The mockumentary web series doesn't premiere until Feb. 4, but already it has the attention of brands hungry to connect with marketing-suspicious teens: Initiative Media, home to clients such as Carl's Jr., Cadbury-Schweppes and Victoria's Secret, yesterday agreed to serve as a media partner to secure sponsors. It's also just closed a distribution deal with video-sharing site Veoh.
Attention Span Media
"Dorm-Life" marks the first project to emerge from the newly formed Attention Span Media, a production studio specializing in original content for mobile and online portals. In addition to "Dorm-Life," Attention Span has been creating content for third parties, including Mogreet, a soon-to-launch mobile video messaging company, and The Huffington Post.
"Dorm-Life" will have sponsorship woven into its creative fabric, like Ed Zwick and Marshall Herskovitz's MySpace series "Quarterlife." In one Toyota-financed episode of "Quarterlife," two characters land an assignment producing a TV commercial for -- what else? -- a Toyota dealership.
And, like "Quarterlife," which airs part one of its six-part, fifth episode today, "Dorm-Life" started out as something originally intended for broadcast TV.
Attention Span was formed by Peter White, Garrett Law and A.J. Lewis last year, shortly after they'd finished work on their local Emmy Award-winning special, "Behind the Lyrics," about the travails of an aspiring Angeleno singer/songwriter, and long before "Quarterlife" got under way at MySpace.
"We started it to produce content for our TV station," said Mr. Law, the company's chief operating officer. "Being in L.A., you see there's a large amount of talent that's not working on a project at any given time."
Mr. Law and his partners used to own Los Angeles independent TV station KHIZ; they sold the station, but kept "Dorm-Life."
'Organic' product placement
The 20-episode mockumentary was created, written and directed by a mix of seven current and former college students, and follows 10 collegians thrown together to live on the same dormitory floor. Mr. Law calls "Dorm-Life" "a platform for organic, not-as-obvious placement" that targets young consumers "wherever they get their media."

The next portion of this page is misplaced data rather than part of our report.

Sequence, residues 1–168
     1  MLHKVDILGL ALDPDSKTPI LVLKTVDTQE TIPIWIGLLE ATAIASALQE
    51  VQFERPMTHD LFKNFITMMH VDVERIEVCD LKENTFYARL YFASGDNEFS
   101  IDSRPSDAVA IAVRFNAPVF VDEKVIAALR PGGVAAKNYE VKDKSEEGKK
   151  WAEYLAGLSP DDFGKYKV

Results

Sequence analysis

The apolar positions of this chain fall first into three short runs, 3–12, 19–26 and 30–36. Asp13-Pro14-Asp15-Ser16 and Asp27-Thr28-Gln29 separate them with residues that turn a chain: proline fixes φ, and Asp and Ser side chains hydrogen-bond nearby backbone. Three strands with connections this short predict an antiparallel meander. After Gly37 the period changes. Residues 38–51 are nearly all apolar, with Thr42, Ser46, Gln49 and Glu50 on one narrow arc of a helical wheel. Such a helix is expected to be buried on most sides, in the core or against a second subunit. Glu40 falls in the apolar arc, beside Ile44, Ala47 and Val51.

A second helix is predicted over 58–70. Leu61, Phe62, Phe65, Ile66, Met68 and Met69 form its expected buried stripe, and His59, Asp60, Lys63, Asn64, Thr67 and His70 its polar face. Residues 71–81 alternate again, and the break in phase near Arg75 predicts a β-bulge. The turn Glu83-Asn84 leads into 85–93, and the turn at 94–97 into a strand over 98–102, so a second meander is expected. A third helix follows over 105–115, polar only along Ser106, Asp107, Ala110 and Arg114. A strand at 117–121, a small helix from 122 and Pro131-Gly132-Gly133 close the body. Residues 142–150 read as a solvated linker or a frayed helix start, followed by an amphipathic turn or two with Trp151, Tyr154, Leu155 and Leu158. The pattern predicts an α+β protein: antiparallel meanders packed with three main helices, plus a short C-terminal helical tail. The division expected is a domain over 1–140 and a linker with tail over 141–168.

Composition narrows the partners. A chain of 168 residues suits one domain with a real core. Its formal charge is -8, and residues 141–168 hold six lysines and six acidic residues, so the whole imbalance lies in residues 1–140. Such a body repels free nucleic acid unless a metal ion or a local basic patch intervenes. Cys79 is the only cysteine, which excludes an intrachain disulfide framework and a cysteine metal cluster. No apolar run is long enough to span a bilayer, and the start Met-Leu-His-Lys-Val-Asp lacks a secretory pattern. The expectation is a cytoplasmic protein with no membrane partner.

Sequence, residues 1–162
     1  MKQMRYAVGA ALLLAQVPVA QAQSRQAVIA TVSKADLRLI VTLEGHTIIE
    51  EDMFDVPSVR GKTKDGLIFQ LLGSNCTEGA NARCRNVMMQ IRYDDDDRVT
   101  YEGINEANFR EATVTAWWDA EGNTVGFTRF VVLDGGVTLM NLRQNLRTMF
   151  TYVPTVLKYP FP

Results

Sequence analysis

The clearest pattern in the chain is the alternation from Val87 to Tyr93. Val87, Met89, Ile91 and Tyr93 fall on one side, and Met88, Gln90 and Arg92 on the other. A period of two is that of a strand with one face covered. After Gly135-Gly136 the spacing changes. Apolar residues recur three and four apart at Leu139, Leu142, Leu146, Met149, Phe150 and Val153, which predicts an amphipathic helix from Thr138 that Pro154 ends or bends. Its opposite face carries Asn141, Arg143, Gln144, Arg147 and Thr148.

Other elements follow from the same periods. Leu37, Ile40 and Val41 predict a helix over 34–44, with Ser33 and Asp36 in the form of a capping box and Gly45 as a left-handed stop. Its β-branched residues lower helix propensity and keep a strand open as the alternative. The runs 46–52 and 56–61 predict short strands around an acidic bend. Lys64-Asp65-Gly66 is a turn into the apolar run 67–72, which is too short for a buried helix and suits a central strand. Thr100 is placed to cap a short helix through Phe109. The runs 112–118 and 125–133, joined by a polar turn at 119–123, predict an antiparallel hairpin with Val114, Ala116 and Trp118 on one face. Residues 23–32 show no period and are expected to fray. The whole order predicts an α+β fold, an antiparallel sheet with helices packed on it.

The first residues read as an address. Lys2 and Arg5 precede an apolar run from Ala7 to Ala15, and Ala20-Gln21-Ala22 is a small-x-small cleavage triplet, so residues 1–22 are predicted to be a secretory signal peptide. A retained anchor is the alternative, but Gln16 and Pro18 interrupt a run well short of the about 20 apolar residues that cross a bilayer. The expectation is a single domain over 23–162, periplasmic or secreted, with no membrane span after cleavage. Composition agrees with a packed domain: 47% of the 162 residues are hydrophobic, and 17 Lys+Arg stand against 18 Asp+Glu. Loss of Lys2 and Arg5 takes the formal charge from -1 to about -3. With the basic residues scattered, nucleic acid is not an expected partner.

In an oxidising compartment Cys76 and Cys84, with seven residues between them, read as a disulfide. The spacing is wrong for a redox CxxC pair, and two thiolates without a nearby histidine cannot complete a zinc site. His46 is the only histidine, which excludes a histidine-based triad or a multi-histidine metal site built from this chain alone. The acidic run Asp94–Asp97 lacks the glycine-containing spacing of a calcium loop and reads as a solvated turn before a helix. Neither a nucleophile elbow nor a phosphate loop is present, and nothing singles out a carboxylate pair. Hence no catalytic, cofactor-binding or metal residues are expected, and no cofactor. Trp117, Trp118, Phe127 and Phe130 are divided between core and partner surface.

During the first week of the launch, four of the under-five-minute episodes will be released, starting with the Feb. 4 premiere. Then a new episode will be released every week, with all aired webisodes available to view on the "Dorm-Life" website.
But Attention Span's producers were also careful not to treat the web simply as a TV with a mouse for a remote: Besides housing the actual episodes, the show's website will also feature fresh content, released each weekday, including webcam vignettes and special photo and video features that will give viewers additional insight into the "Dorm-Life" characters. Visitors will be able to create profiles, contact the characters and interact with them on discussion boards.
Of course, "Dorm-Life" is not the first attempt to sell package goods via buxom 20-somethings. In September, GoTV Networks teamed with Tide for a live-action webseries called "Crescent Heights," while in October, Ford integrated into the MySpace series "Roommates." But it does mark a shift in the closeness with which a media firm and a production house will collaborate.
"It's not an exact science, and it'll only be as effective as it is popular," said Jon Haber, director of Initiative Media's innovations department. "But for your advertising to be noticed, your advertising has to be content."